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Re: noob looking for circuit help

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  • wilf_nv
    Hi Chuck, The 240 pummer is not a good starting point for the kind of fade in, fade out function you are looking for. The 240 pummer LED current pulse and
    Message 1 of 3 , Nov 30, 2006
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      Hi Chuck,

      The 240 pummer is not a good starting point for the kind of "fade in,
      fade out" function you are looking for. The 240 pummer LED current
      pulse and light output has the inherently fast attack and slow decay
      of a charge pump circuit and there is not much you can do about it.

      However there are several circuits which would give the desired
      flowering light effect: The QLF, Nulite and Spectrummer circuits.
      The first uses the 74HC14 and LM324 or LM339 chips while last two
      circuits both use a 74HC240 chip.

      They are all designed to drive three or four single LEDs or a single
      RGB LED to provide full range color variations.

      There are some solar powered variants but I can probably simplify
      further it to meet your particular application. Let me know.

      wilf



      --- In beam@yahoogroups.com, "cw_eubanks" <cweubanks@...> wrote:
      >
      > I recently got interested in BEAM having walked into RobotVillage
      here
      > in NYC. I'm looking to create some simple pummers for a start and
      I've
      > been looking through solarbotics.com and .net and I've ordered lots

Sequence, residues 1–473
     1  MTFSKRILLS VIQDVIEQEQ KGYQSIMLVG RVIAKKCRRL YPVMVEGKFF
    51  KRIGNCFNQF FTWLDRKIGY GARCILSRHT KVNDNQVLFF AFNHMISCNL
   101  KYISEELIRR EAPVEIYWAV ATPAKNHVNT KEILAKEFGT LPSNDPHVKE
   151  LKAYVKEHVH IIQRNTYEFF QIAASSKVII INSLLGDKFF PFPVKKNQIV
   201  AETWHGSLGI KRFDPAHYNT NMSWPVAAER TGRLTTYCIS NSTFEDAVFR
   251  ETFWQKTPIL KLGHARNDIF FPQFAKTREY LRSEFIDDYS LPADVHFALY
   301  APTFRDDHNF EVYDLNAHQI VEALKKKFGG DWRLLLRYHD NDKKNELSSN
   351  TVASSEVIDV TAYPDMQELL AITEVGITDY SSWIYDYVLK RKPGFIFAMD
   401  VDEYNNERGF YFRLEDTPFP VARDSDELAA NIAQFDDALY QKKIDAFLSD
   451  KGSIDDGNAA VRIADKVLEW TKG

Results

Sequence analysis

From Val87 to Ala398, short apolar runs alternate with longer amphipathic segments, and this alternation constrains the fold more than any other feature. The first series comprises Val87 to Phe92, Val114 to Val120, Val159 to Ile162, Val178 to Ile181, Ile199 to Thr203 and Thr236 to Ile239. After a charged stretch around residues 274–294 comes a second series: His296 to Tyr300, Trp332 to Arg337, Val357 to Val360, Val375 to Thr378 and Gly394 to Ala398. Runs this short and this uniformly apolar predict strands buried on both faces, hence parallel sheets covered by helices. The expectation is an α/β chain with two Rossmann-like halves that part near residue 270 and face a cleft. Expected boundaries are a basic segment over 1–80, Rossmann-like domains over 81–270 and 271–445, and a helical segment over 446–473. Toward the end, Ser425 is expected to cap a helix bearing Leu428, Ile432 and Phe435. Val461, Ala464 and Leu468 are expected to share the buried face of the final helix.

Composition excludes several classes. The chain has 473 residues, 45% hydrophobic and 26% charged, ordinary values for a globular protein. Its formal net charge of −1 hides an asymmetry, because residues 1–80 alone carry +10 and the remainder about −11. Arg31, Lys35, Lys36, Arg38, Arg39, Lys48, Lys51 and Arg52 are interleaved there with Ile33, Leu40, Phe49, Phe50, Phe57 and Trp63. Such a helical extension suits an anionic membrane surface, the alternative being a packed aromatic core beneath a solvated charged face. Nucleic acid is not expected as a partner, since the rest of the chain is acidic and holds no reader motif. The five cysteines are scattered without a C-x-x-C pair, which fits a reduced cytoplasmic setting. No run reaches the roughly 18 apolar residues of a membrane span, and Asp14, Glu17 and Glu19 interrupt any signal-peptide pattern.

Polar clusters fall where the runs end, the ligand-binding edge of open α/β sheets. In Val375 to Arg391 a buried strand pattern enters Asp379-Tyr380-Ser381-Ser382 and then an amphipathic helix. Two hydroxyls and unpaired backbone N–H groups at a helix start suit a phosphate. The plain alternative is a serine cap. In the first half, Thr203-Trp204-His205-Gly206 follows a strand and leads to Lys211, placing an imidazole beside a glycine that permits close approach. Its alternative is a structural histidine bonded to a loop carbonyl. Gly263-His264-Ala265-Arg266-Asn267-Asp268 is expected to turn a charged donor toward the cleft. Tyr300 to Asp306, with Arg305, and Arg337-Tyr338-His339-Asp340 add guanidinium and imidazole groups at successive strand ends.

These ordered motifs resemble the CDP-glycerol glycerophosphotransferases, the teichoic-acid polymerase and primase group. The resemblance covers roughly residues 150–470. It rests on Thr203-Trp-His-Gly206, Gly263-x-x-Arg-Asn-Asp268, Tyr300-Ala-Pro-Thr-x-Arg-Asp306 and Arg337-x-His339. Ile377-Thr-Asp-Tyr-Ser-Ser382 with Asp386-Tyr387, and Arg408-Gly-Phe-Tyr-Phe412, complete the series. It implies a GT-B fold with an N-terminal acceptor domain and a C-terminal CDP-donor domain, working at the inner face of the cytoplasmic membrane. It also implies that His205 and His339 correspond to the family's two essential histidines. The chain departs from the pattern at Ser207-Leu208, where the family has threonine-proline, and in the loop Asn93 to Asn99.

of
      > supplies already based on the simple designs included therein.
      >
      > For starters I plan to use the circuit shown on the solarbotics
      page
      > for BEP applications
      >
      > and also featured in MAKEzine.com's new article on pummers:
      >
      > http://www.makezine.com/blog/archive/2006/11/how_to_make_a_p_8.html
      >
      > I have two questions about this to accomplish the initial design(s)
      I
      > want:
      >
      > 1) Is it possible to have the light slowly come on as it does in
      decay
      > by altering this circuit only slightly and how? For one, I want a
      > nocturnal "flower" that very slowly illuminates and then very
      slowly
      > decays after a few seconds.
      >
      > 2) anybody got recommendations on finding supplies such as aluminum
      > sheets, thin gauge wire mesh, small tools, etc?
      >
      > thanks in advance,
      >
      > Chuck
      >
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